I think you are loading a lot into your own meaning of the word "capitalism", then, and ought not be surprised when you are misunderstood. I too, would say we ought to base our ideas of social constructs on God's Word and examples. His patriarchs amassed wealth, did so with ingenuity, shared with others, and considered themselves stewards of His resources. Jesus selected venture capitalists as His disciples, never told them to give up their possessions or the income from them and He Himself utilized the fruits of their labours in His ministry. By my definition, if we allow earthly stewardship an equivalence to ownership (God gave to man every tree and plant as well as dominion over animals and resources), there is nothing that could possibly be naturally nor intrinsically evil or poisoned about capitalsim, per se. Nor could it be wrong for church-goers to think capitalism a good thing. God immediately sent man out to work the ground, gather flocks, and return a portion to Him and use the rest for themselves.

By what appears to be your definition (a fulfilling life can be had by wealth acquisition) you aren't really speaking of capitalism but idolatry. I would humbly offer that you might be better off critiquing this idea directly and not mis-label it as "capitalism".

Sorry, this part was a quote:

What I was speaking of is the heart of capitalistic notion that a fulfilling life can be had through pursuit of wealth and acquisition of material goods.

With all due respect Daron, this is the "I',m not bad because the other guy is much worse than me." argument.
Not really. It is the argument that says "Capitalism can not be the cause of this evil when the evil is manifest to an even greater degree where Capitalism is absent".

Hi Daron,

I’m glad Louis cleared up some of the misunderstandings. I agree with you that the problem in arguing the morality or immorality of capitalism is the lack of a clear definition. Capitalism is one of those words that we all seem to assume has a clear meaning and that others are thinking of the same thing we are when we talk about it; though, in reality, we attribute different details to the idea than what the other person had in mind. Economists still have no consistent agreement on a definition for capitalism. It seems socialism has a far clearer and agreed upon meaning (the control of property by the state). Most thinking Christians, which I attempt to be, agree that socialism is inherently evil. I think I’m incapable, and it would be inappropriate for this blog, to fully define capitalism and why it’s also inherently evil, which is why I recommend reading the writings of Belloc, which I’ve found most helpful.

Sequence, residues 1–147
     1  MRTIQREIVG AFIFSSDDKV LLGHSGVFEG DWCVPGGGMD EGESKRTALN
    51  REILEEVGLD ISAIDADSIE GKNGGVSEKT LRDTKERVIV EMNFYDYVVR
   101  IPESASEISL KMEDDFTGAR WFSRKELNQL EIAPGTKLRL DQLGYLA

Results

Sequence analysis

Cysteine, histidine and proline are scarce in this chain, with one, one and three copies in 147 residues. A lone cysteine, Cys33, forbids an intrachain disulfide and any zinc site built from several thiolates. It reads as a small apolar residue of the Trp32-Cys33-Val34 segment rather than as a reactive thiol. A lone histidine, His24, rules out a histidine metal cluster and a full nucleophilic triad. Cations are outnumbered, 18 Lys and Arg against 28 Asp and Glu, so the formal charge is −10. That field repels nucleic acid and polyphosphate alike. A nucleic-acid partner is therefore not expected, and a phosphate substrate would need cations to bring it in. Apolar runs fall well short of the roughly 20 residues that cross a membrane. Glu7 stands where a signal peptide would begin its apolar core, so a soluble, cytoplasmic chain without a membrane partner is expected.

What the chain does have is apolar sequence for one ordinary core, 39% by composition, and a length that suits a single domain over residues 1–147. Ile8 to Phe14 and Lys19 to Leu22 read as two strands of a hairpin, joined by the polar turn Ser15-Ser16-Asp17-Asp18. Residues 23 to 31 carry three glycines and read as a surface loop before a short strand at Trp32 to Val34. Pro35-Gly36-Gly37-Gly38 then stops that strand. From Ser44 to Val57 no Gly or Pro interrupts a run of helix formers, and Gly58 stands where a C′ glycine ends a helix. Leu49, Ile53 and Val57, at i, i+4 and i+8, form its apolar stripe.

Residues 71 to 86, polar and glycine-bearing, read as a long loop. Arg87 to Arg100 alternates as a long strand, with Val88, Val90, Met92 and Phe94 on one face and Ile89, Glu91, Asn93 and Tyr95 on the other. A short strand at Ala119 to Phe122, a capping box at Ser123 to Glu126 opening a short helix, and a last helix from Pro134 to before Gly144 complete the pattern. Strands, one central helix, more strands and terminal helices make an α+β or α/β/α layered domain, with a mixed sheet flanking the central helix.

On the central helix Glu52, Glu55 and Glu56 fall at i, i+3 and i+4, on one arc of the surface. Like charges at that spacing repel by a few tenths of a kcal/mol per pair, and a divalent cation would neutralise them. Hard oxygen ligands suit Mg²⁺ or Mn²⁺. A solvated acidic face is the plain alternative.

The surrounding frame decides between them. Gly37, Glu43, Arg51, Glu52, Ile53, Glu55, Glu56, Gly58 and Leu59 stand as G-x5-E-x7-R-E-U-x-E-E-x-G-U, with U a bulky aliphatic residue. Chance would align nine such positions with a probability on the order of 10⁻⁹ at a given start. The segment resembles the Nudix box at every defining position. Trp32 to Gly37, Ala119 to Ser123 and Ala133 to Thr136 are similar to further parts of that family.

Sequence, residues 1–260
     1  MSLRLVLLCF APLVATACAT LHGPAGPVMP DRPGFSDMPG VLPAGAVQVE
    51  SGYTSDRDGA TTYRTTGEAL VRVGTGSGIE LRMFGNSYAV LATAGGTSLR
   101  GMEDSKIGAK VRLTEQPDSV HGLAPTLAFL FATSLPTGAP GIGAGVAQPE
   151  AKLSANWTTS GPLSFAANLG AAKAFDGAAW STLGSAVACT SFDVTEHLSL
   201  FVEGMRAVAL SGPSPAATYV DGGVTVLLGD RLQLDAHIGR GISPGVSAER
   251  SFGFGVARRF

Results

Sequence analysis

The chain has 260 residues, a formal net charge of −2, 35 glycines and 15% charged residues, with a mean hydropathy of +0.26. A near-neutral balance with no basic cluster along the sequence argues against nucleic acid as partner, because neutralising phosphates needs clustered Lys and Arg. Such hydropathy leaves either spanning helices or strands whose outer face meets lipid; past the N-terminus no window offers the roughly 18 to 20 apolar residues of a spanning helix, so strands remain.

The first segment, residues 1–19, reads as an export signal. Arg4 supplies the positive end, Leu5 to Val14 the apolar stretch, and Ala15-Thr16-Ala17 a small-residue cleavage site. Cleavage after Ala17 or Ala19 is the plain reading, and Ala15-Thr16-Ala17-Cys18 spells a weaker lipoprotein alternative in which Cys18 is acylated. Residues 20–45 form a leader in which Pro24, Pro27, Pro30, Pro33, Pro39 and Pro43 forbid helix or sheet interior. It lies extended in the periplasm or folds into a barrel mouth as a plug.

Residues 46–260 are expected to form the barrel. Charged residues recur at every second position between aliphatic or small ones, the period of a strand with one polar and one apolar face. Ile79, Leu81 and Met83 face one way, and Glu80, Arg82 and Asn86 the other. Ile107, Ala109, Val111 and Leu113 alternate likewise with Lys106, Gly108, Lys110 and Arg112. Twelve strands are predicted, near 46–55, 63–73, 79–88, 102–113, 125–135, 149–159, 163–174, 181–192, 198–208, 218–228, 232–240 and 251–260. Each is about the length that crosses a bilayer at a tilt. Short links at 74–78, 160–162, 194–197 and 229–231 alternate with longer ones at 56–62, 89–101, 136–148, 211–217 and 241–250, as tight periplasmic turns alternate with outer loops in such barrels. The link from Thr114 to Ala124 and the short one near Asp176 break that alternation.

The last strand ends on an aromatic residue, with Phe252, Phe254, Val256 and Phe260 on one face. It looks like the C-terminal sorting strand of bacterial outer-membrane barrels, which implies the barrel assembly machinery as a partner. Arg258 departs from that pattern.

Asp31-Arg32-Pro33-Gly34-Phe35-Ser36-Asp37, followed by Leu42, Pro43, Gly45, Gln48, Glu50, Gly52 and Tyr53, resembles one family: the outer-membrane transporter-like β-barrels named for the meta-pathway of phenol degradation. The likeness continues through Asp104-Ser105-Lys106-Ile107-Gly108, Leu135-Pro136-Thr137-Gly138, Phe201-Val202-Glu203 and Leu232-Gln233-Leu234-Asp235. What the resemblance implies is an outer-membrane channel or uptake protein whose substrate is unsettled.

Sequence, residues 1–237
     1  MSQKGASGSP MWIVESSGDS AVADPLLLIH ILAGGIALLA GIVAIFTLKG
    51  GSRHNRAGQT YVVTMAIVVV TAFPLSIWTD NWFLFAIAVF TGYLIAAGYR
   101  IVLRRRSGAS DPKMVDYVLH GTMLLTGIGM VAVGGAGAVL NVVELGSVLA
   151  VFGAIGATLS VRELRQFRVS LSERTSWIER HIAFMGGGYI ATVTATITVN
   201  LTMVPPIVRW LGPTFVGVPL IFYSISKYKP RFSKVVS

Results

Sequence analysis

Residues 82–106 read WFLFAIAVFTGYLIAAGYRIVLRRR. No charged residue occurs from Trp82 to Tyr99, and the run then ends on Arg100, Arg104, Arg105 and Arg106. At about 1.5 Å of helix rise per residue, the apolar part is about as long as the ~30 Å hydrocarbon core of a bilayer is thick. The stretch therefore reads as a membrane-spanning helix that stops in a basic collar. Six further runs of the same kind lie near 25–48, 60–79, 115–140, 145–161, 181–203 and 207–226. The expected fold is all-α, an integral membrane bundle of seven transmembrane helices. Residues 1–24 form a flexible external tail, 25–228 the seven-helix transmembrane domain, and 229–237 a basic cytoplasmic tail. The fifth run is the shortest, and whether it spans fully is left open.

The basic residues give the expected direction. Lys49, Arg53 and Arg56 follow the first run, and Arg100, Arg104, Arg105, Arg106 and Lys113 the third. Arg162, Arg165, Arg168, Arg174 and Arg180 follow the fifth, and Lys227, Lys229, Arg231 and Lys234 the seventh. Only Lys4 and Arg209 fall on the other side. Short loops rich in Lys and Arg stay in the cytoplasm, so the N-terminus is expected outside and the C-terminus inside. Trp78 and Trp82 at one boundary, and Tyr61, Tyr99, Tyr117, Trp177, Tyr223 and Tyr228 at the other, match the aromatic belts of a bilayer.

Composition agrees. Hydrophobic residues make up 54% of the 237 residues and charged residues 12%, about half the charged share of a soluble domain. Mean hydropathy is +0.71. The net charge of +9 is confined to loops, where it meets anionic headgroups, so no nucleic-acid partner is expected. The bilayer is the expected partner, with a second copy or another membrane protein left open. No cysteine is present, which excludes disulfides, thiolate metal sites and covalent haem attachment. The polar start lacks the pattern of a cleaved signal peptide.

It seems that there is a false notion held by most of society that opposing capitalism is a promotion of socialism. I know my first inclination would still be to think someone is a socialist if I heard them talking ill of capitalism. We can however oppose capitalism and socialism and search for a third option. It seems that there is also a false notion in society that capitalism is a system which protects private property ownership and economic freedom. While capitalism extols the moral ideal of economic freedom of choice, the reality is that capitalism creates insecurity, insufficiency, and the loss of economic freedom for the majority of citizens. While capitalism extols private property (property being the control of land, materials, the instruments used to transform these, and the places to store the goods produced), the system inherently creates a society in which the large majority of property is vested in a small minority of citizens; leaving the increasing majority of citizens dispossessed. Consequently, under capitalism, economic freedom ceases to exist for the majority who become dependent on the very small minority for their security and sufficiency. This results from capitalism’s key attributes of unrestricted competition and usury (interest on non-productive loans). These two attributes of capitalism are what makes the system corrupt, yet they seem to be essential to the definition of the capitalist system. It is a system that inherently awards the avarice of individuals and results in the loss of goods among the majority, such as property and economic freedom, among the majority.